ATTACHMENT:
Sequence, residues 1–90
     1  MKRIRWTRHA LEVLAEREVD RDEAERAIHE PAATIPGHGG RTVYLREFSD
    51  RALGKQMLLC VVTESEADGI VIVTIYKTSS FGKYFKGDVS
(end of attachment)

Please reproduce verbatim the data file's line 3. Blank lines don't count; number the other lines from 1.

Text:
    51  RALGKQMLLC VVTESEADGI VIVTIYKTSS FGKYFKGDVS